34 Timing of deliverySmall risk of late intra-uterine death even with good glycemic controlDelivery usually at 38 weeksBeyond 38 weeks, increased risk of intrauterine death without an increase in RDS
35 Management of labor and delivery Vaginal delivery: preferredCesarian section only for routine obstetric indicationGDM alone is not an indication !> 4.5 Kg fetus: Cesarean delivery may reduce the likelihood of brachial plexus injury in the infantUnfavorable condition of the cervix is a problemMaintain euglycemia during laborMaternal hyperglycemia in labor: fetal hyperinsulinemia and worsen fetal acidosisMaintain sugars: mg/dl (capillary: mg/dl )Feed patient the routine GDM dietMaintain basal glucose requirementsMonitor sugars 1-4 hrly intervals during labourGive insulin only if blood sugar >120 mg/dl
36 Glycemic management during labour Later stages of labour: start dextrose to maintain basal nutritional requirements: ml/hr of 5% dextroseElective Cesarian section: check fasting blood sugar; if within target range no insulin is needed; start dextrose dripContinue hourly self monitored blood glucosePost delivery keep patients on dextrose-normal saline till fedNo insulin unless sugars more than normal ( not GDM targets ! )
37 Post partum follow up Check blood sugars before discharge Breast feeding: helps in weight lossLifestyle modification: exercise, weight reductionOral glucose tolerance test at 6-12 weeks postpartum: classify patients into normal/impaired glucose tolerance and diabetesPreconception counseling for next pregnancyIncreased risk of cardiovascular disease,future diabetes and dyslipidemia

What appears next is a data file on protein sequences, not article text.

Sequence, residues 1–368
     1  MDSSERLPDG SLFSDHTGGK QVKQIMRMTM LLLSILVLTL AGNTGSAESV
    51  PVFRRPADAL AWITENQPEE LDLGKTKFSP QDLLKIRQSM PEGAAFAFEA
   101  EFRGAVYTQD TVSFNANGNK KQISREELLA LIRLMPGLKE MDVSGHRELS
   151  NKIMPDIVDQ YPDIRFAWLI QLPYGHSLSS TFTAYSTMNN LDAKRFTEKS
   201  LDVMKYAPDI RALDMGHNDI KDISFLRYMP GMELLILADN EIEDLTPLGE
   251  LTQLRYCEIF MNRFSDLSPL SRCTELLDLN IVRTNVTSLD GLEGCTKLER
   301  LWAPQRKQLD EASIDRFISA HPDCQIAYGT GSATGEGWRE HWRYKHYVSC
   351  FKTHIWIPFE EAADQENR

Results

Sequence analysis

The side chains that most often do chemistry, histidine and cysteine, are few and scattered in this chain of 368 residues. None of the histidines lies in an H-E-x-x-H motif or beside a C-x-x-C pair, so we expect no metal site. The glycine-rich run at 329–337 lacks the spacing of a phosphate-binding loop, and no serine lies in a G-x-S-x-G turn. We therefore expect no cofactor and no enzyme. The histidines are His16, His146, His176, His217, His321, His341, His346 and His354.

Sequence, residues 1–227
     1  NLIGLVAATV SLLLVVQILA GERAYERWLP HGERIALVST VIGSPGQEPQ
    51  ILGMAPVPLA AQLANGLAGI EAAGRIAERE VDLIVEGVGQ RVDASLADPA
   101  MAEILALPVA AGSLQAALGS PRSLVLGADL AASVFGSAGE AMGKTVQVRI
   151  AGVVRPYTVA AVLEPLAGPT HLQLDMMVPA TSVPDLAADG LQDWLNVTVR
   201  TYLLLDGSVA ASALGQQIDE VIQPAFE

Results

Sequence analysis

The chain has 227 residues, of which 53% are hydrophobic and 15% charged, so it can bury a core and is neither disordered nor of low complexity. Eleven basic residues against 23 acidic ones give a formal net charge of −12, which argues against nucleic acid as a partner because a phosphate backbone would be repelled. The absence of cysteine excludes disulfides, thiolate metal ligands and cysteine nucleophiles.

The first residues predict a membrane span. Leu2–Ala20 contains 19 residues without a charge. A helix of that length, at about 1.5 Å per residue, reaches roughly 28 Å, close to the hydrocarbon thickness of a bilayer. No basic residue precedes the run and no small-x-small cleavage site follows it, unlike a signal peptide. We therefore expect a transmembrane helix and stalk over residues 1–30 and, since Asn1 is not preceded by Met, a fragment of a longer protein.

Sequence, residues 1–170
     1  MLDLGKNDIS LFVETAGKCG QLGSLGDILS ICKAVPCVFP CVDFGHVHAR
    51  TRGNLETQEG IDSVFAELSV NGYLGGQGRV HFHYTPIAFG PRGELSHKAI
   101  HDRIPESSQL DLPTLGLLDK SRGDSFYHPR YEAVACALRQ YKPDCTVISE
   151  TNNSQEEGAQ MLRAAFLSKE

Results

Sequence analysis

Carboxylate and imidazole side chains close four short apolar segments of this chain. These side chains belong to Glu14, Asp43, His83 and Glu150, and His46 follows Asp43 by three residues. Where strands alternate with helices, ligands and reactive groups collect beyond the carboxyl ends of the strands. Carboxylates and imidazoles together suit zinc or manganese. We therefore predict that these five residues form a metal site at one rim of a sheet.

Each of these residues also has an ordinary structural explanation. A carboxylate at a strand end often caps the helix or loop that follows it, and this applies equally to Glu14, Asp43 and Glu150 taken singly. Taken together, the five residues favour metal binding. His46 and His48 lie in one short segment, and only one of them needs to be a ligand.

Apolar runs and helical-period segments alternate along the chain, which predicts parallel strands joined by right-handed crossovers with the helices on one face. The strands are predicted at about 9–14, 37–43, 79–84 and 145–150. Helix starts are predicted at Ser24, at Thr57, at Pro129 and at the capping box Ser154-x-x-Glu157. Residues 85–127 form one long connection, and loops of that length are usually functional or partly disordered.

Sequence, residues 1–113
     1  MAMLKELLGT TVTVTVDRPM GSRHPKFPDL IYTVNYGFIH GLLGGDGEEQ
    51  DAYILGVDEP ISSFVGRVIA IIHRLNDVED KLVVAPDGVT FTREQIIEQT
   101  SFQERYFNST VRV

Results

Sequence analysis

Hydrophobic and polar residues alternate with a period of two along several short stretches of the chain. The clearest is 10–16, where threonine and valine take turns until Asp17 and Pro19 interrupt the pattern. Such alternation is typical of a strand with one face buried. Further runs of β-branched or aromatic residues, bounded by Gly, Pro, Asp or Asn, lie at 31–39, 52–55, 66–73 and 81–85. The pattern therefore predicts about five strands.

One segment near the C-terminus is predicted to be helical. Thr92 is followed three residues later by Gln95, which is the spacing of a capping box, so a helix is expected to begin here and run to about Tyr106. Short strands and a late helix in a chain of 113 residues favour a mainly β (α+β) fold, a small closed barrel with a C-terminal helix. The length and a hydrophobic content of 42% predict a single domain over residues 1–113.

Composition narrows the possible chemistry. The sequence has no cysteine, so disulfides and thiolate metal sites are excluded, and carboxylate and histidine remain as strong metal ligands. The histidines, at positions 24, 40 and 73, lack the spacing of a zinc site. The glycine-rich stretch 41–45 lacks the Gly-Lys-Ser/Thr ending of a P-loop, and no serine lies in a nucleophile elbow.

38 Immediate management of neonate Hypoglycemia: 50 % of macrosomic infants5–15 % optimally controlled GDMStarts when the cord is clampedExaggerated insulin release secondary to pancreatic ß-cell hyperplasiaIncreased risk: blood glucose during labor and delivery exceeds 90 mg/dlAnticipate and treat hypoglycemia in the infant
39 Management of neonate Hypoglycemia <40 mg/dl Encourage early breast feedingIf symptomatic give a bolus of 2- 4 ml/kg, IV, 10% dextroseCheck after 30 minutes, start feedingIV dextrose : 6-8 mg/kg/min infusionCheck for calcium, if seizure/irritability/RDSExamine infant for other congenital abnormalities
40 Long term risk: offspring Increased risk of obesity and abnormal glucose tolerance due to changes in fetal islet cell functionEncourage breast feeding: less chance of obesity in later lifeLifestyle modification
41 Conclusion Gestational diabetes is a common problem in worldwide Risk stratification and screening is essential in all pregnant women, particularly those from ethnicities with increased riskTight glycemic targets are required for optimal maternal and fetal outcomePatient education is essential to meet targetsLong term follow up of the mother and baby is essential
42 17 pound baby born to Brazilian diabetic mother 17 pound baby born to Brazilian diabetic motherCourtesy: MSNBC News ServicesJan. 24, 2005